Posted by: The Tim

Tim Ellis is the founder of Seattle Bubble. His background in engineering and computer / internet technology, a fondness of data-based analysis of problems, and an addiction to spreadsheets all influence his perspective on the Seattle-area real estate market.

4 responses to “Sales of Expensive Non-Distressed Homes Surging”

  1. Plymster

    When I look at the chart and fiddle with the settings (for King County), I compare the Bank Owned and Short Sales, and see roughly the same distribution across the price spectrum (bank-owned appear shifted about $50k cheaper than short sales). When I look at non-distressed, I see a $200k premium added to short sales. That’s a hefty price improvement for a non-distressed home vs a short sale.

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  2. Steve Putnam

    I think your chart would be more instructive if you broke out the >$1M into more granular buckets. Perhaps looking at $100K buckets out to $1.5M, and then have a “>” bar? Not that I could afford it but it would be interested in seeing if there is a creep rightward in the data.

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  3. ChrisM

    Are you looking at MLS sales, or are you exhaustively looking at county records, with all their weirdnesses? Down here in Clark county, I see bank-owned house “transfers” that happen outside of the MLS.

    I’ve reported some of the issues to RedFin, but haven’t heard back.

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  4. Kary L. Krismer

    By Plymster @ 1:

    When I look at the chart and fiddle with the settings (for King County), I compare the Bank Owned and Short Sales, and see roughly the same distribution across the price spectrum (bank-owned appear shifted about $50k cheaper than short sales). When I look at non-distressed, I see a $200k premium added to short sales. That’s a hefty price improvement for a non-distressed home vs a short sale.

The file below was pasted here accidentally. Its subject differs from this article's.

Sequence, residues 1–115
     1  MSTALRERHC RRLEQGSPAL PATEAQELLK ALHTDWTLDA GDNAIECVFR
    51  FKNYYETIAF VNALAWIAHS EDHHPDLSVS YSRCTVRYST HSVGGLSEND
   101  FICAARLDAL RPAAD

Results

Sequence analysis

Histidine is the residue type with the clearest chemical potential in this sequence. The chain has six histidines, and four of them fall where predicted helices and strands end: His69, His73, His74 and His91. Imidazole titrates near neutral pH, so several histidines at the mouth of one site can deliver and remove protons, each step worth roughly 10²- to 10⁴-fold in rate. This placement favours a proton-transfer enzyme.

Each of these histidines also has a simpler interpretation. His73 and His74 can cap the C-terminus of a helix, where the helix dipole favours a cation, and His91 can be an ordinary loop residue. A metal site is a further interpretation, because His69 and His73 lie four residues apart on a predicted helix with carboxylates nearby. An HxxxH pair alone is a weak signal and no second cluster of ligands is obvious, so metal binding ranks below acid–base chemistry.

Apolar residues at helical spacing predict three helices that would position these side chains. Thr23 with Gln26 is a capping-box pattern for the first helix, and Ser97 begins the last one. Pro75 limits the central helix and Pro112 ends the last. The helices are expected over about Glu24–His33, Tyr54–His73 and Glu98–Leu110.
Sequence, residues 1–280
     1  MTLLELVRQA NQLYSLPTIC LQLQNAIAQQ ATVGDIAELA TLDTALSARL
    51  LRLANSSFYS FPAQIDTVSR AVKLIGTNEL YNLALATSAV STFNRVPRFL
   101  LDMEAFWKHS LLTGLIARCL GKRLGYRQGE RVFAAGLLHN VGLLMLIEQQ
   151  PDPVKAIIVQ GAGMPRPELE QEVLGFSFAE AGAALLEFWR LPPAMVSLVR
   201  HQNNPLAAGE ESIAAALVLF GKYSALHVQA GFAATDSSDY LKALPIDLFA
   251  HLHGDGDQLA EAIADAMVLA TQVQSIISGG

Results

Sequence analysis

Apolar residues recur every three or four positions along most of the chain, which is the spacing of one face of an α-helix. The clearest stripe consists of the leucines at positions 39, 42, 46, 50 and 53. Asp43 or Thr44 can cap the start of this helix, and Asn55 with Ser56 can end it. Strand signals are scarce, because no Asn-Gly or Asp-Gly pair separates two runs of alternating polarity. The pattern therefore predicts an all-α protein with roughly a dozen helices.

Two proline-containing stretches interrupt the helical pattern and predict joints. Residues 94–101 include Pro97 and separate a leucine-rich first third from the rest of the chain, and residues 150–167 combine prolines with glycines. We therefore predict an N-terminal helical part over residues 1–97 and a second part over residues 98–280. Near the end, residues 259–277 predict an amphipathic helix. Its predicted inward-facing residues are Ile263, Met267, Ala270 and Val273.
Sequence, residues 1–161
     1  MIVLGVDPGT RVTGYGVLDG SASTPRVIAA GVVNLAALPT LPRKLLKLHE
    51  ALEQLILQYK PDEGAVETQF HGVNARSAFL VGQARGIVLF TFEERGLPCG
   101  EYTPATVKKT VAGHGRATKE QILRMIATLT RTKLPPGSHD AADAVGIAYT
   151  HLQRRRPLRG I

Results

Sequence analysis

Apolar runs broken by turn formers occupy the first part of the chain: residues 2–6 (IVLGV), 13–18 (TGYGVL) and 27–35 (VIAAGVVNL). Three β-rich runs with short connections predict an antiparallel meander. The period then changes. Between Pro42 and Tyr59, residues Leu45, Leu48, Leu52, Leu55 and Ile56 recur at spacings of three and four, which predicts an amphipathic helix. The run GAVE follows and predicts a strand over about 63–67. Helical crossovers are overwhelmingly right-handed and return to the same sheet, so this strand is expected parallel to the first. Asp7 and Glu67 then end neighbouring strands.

I’m not sure how you could possibly determine that from that data available here. All you know from this data is the price and quantity sold. You don’t know anything about the attributes of the houses themselves.

    In any case, the difference is not a premium, but instead a discount on the short sale houses and REOs. Not everyone is in position to buy a short sale property, particularly people who currently rent. And although interest rates have been low for some time, and are expected to remain so, not everyone wants to make an offer on a short sale property where they cannot lock their rate. As to both REOs and short sales there are likely condition deficiencies, or at least uncertainties at the time the offer is made. And as to REOs there are uncertain or unfavorable terms compared to normal sales, and also, REO properties do tend to be less desirable properties as to location. They’re basically what remains unsold at the trustees’ sales.

    Both can lead to some pretty good bargains, but not everyone is either in a position to go after them, or has a desire to go after them. That means less demand and lower prices.

    As to the $200,000 discount, that probably does happen with some frequency on properties that are worth something north of $600,000. It’s probably relatively rare below that point. The $50,000 discount for bank owned is probably much more common.

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